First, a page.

It’s Time to Talk About Self-Checkout


I made the mistake of going to the supermarket on Super Bowl Sunday. That was my first mistake. I got to the grocery store closest to me and realized it was packed, so I decided to drive the extra half a mile or so to the next grocery store where they have those guns that allow you to scan your groceries as you go, bag them directly in your cart and then breeze through self-checkout. I assumed this would cut at least a few frustrating minutes off of my trip. (I would have just skipped the trip but I needed breakfast for tomorrow and ingredients for banana bread to make use of the over-ripe bananas in kitchen.) I was wrong!

I realized quite some time ago that it was completely stupid to try and go through self- checkout with a basket full of groceries unless you’ve got backup to help you bag. If you try to do it all yourself, you slow down the process and if the store is busy, you piss everyone off.

Continue reading

An Economy Built on Crap

Honestly, does this add $300 worth of value to your life? I’m gonna say it does exactly the opposite!

A few years ago, when I was living in a tiny apartment, I declared a stuff boycott. Since moving into my house I’ve relaxed the rules a bit, though I still don’t like buying things that seem unnecessary. But every Christmas season I start scouring  websites for gift ideas to buy those tricky relatives who don’t want or need anything useful that you could possibly buy them. Sure, they might actually need a new dishwasher but it’s not like you’re really going to buy that for your aunt or uncle…

With my friends I can get away with making donations in their names ( is my favorite), but my family is a little Christmas Crazy. For years I’ve been trying to get them to agree to Secret Santa or a grab bag, but so far I haven’t been successful. So…I continue to troll the internet looking for not completely horrible gift ideas for people who don’t need anything. I often make them something and then just go get gift certificates for manicures or what have  you.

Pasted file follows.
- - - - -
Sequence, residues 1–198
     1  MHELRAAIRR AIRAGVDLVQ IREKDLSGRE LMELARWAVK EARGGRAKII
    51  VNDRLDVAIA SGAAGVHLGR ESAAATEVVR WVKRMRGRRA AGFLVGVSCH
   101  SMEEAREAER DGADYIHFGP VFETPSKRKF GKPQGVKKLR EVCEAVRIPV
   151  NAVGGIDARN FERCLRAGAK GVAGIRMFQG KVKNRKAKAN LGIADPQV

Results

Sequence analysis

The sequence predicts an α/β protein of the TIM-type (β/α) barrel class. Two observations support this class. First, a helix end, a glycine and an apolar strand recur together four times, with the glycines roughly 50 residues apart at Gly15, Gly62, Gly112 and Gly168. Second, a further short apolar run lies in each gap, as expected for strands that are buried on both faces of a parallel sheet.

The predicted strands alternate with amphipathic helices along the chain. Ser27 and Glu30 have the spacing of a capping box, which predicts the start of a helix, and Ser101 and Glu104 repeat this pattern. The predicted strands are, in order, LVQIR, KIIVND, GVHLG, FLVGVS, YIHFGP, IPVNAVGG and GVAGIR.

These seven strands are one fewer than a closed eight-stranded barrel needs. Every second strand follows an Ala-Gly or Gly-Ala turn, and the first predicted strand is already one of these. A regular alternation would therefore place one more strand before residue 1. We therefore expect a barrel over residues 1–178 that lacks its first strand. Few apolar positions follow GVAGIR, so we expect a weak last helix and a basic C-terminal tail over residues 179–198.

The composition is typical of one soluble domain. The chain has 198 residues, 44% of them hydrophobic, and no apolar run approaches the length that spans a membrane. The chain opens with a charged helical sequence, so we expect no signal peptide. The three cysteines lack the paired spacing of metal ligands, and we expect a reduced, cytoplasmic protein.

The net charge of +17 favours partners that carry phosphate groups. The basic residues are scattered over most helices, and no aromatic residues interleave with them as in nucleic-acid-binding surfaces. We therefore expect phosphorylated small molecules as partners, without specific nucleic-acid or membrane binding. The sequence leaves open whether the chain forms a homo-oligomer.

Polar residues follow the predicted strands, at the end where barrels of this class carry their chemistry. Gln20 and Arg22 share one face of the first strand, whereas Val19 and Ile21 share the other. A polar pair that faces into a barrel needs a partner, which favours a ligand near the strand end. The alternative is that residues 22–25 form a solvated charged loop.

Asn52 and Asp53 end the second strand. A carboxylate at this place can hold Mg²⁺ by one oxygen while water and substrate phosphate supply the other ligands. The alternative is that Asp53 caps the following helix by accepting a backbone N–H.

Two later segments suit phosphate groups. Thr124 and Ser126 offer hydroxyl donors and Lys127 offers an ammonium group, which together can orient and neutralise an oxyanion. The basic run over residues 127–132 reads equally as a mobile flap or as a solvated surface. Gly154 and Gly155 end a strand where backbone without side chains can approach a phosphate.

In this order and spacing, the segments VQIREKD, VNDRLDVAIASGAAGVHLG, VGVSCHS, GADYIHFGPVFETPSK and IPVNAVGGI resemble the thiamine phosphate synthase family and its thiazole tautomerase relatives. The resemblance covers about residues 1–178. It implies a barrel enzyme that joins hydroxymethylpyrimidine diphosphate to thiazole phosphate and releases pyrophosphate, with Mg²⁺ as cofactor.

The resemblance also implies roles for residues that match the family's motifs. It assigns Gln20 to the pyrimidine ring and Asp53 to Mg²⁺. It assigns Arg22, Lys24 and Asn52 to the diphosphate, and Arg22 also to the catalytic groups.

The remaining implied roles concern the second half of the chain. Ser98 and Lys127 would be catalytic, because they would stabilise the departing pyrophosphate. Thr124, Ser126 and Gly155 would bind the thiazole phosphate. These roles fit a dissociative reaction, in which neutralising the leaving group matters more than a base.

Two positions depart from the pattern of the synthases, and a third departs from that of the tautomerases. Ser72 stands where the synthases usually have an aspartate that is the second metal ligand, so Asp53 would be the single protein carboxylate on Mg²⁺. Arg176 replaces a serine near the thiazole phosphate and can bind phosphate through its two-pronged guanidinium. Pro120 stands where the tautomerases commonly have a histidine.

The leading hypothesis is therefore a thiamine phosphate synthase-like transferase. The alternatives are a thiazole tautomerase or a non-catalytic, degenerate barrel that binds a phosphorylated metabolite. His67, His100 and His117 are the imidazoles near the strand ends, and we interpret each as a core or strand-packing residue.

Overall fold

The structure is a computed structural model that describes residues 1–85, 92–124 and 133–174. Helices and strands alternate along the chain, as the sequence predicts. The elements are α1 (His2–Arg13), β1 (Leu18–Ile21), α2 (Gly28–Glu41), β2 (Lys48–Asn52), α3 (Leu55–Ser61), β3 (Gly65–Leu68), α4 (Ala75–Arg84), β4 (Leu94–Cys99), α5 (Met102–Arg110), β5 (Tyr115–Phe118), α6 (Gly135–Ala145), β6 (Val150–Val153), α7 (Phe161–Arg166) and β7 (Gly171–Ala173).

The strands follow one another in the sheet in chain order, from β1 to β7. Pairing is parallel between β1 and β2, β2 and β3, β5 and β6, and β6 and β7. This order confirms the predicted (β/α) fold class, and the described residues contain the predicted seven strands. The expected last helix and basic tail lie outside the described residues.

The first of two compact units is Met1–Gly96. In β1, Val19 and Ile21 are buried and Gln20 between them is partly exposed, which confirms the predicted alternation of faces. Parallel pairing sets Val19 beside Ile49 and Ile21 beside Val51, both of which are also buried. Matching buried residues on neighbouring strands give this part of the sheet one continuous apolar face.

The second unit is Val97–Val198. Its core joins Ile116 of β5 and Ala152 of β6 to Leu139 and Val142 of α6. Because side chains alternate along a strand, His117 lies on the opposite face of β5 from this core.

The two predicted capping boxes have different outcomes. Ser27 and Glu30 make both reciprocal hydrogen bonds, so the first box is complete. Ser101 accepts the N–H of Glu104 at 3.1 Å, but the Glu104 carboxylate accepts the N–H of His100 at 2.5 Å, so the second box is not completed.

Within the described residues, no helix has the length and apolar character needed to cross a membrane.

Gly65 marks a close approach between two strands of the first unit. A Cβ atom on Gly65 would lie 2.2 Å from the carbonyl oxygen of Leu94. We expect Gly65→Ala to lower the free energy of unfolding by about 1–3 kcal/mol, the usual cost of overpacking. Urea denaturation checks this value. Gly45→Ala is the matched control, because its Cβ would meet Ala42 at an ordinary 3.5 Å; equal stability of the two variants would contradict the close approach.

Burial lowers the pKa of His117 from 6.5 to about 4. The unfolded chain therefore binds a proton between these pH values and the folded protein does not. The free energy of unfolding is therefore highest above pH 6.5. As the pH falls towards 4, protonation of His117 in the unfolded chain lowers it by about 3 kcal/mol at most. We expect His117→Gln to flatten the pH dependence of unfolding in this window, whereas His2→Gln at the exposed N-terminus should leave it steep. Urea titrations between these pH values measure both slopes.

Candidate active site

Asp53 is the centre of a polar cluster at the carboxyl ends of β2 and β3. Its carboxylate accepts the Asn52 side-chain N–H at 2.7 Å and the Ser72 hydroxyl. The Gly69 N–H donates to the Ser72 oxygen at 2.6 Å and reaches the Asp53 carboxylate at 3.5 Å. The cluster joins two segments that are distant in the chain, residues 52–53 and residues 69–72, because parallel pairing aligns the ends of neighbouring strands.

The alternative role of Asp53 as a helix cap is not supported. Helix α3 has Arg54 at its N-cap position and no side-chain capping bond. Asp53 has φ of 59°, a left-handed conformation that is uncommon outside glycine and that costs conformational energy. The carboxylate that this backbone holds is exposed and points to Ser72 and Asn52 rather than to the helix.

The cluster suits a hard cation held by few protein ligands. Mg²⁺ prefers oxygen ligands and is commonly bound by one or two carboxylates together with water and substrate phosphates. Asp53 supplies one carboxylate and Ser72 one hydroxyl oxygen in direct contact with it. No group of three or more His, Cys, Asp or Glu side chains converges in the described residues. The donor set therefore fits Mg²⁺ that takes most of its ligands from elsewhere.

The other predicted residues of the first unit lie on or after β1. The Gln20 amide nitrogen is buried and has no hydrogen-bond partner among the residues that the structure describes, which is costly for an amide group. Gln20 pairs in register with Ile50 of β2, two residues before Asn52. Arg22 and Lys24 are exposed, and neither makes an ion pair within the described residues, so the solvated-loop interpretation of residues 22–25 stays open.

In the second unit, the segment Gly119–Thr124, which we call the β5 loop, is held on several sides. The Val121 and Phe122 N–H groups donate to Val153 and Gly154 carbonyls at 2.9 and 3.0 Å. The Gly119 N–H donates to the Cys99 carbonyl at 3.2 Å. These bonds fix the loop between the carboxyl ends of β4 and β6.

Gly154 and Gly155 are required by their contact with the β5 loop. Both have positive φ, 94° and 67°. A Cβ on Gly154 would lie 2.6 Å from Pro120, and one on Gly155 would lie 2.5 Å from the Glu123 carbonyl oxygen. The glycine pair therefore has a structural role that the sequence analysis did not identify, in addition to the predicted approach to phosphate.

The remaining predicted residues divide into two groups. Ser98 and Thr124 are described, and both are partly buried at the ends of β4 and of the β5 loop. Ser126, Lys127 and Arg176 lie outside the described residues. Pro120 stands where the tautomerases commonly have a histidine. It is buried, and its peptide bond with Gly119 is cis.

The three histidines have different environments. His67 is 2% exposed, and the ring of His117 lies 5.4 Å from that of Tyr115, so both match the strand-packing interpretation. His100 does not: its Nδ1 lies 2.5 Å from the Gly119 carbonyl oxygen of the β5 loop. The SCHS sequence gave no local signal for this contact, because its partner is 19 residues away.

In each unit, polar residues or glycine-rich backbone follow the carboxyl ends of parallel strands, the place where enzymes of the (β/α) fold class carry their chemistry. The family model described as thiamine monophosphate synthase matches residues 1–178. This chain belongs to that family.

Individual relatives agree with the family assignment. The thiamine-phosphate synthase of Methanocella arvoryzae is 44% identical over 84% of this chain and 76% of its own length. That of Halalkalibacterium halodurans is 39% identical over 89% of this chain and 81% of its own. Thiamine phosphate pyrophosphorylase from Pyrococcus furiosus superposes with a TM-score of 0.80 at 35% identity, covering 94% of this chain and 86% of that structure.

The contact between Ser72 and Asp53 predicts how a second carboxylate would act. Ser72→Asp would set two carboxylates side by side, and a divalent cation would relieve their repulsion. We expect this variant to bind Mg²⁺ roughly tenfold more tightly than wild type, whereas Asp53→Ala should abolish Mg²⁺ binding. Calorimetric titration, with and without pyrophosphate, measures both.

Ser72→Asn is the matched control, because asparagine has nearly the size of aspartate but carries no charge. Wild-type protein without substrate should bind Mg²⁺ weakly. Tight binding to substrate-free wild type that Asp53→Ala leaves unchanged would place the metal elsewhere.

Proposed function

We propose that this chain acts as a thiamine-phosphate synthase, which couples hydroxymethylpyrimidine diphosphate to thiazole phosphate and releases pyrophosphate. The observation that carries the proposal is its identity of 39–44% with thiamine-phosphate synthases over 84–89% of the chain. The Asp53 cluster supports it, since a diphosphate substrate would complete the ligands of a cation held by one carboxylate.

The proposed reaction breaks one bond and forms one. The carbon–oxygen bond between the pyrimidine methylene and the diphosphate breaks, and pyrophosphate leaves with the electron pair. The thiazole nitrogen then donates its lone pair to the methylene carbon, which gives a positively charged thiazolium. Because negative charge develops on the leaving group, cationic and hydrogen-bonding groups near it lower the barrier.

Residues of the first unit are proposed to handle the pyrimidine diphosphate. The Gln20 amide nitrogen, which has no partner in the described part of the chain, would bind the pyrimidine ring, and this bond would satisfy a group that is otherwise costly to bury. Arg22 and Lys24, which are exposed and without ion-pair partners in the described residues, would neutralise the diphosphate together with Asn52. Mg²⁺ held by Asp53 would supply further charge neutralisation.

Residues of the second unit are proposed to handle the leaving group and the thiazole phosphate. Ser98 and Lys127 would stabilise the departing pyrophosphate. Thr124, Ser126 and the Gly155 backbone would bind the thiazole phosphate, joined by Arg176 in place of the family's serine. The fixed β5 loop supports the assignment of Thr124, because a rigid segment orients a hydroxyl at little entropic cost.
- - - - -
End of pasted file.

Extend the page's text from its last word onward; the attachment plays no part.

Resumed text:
But as I sort through the incredible amount of crap that’s out there to buy — and I wonder why anyone would buy it — I realize that our entire economy is basically built on people’s willingness to buy stuff they don’t need. Just the other day I was window shopping for a new laptop. Mine is probably at least 4 years old, some of the keys are starting to stick, and I’ve heard some not great noises coming from it but to say I “need” one would be a stretch. Part of me knows I should make the switch before this one actually dies, but a much bigger part of me says, “You don’t need it now!” But as I’ve chatted with friends about this new shopping conundrum of mine it’s clear that they think I should just go ahead and do it already, whether I  really need it or not. (There have been some good deals on refurbished MacBooks, so it’s been a real struggle to keep myself from the impulse-buy.) And if it weren’t for people like those friends of mine, buying gadgets they don’t really need, where the heck would our economy be? And more importantly, can we really sustain growth on that kind of mentality?

I think the answer is, obviously, NOOOOOOOO!  Continue reading